.. which suggests trying to process specific messages in the message loop rather than in the window procedure is a fool's errand.
                          Michael Mattias
                          Tal Systems (retired)
                          Port Washington WI USA
                          [email protected]
                          http://www.talsystems.com

                          Comment


                          • #14
                            Yes, Chris' explanation is much better but I find terms like 'sending to' or 'posting to' a message loop confusing.

                            It seems to me that 'posting' is analogous to delivering to a mail box - the mail box is the message queue. We pop down the mail box to collect the mail. We are the message loop. The mail is not delivered to us directly.

                            On the other hand 'sending' is analogous to the mail person knocking on our door and they will not leave until we take the mail from them. In this case the mail did not get put into the mail box.

                            Comment


                            • #15
                              > For example, clicking the X button, WM_COMMAND goes straight to the dialog procedure, skipping the message loop.

                              OK

                              > Clicking the captionbar icon to display the system menu and clicking "close" will generate the WM_SYSCOMMAND message which is sent to the message queue and go through the message loop.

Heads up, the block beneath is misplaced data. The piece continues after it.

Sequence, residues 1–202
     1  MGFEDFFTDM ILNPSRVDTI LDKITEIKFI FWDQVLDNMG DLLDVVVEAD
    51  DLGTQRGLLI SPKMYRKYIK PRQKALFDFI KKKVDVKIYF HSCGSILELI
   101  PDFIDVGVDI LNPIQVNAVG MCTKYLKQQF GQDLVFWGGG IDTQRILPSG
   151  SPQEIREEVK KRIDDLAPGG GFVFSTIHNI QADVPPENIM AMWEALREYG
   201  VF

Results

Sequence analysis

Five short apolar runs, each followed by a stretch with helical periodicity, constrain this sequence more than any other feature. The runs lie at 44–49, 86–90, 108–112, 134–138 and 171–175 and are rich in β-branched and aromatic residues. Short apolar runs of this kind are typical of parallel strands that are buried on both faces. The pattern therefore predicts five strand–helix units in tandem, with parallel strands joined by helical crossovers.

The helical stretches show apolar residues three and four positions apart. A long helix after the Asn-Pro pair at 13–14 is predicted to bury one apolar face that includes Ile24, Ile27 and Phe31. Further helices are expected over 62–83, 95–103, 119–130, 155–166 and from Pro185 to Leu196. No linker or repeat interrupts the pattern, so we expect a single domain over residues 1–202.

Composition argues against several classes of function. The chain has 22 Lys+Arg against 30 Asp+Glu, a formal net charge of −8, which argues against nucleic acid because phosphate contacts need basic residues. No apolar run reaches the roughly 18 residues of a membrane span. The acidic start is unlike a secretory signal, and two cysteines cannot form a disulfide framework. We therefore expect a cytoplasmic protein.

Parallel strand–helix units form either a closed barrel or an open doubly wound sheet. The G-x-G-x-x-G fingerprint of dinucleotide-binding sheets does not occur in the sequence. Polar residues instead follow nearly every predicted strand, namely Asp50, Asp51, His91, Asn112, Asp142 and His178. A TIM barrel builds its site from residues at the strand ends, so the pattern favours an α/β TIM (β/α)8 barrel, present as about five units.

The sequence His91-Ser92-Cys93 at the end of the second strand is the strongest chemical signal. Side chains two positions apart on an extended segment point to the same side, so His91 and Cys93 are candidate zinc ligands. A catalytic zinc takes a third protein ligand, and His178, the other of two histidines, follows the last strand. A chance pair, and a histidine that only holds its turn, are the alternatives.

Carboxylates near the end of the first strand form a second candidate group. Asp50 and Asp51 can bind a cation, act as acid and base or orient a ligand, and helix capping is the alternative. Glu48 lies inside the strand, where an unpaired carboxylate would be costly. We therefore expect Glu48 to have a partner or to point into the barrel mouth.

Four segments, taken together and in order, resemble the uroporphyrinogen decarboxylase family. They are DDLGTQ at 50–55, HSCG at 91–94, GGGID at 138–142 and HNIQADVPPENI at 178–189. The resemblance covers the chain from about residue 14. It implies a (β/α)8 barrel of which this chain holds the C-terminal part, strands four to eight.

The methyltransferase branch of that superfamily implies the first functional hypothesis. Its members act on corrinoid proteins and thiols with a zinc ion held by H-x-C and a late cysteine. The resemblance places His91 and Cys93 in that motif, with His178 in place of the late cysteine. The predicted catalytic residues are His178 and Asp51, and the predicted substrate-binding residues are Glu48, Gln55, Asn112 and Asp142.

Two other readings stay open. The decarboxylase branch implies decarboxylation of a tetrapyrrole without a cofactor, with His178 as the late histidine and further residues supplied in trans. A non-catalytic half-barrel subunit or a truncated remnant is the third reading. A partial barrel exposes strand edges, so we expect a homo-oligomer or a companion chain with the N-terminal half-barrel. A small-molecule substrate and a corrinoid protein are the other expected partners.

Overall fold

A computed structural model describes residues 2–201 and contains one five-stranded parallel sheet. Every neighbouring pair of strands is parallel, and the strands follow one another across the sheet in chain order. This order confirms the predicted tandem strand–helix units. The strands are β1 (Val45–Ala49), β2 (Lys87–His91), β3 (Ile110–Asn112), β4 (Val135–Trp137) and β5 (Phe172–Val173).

OK again but also the dialog procedure unless we add Exit Loop

                              Code:
                              If msg.message = %WM_SYSCOMMAND Then
                                If (msg.wParam And &HFFF0) = %SC_CLOSE Then
                                  ' this event never occurs, because the message never goes through message queue
                                  MsgBox "Dialog Closed via X button!"+Chr$(13)+Chr$(10)+"Trapped in Message Loop."
                                  App_ExitFlag&=2
                                End If
                                [COLOR="Red"]Exit Loop[/COLOR]
                              End If

                              Comment


                              • #16
                                It seems to me that 'posting' is analogous to delivering to a mail box - the mail box is the message queue. We pop down the mail box to collect the mail. We are the message loop. The mail is not delivered to us directly.
                                I understand it this way. I want something to be done, so I write a letter to the person I want to do the job. I assume he will do it as soon as he gets the letter. And I carry on with my life without worrying about it. That is "Posting"
                                On the other hand 'sending' is analogous to the mail person knocking on our door and they will not leave until we take the mail from them. In this case the mail did not get put into the mail box.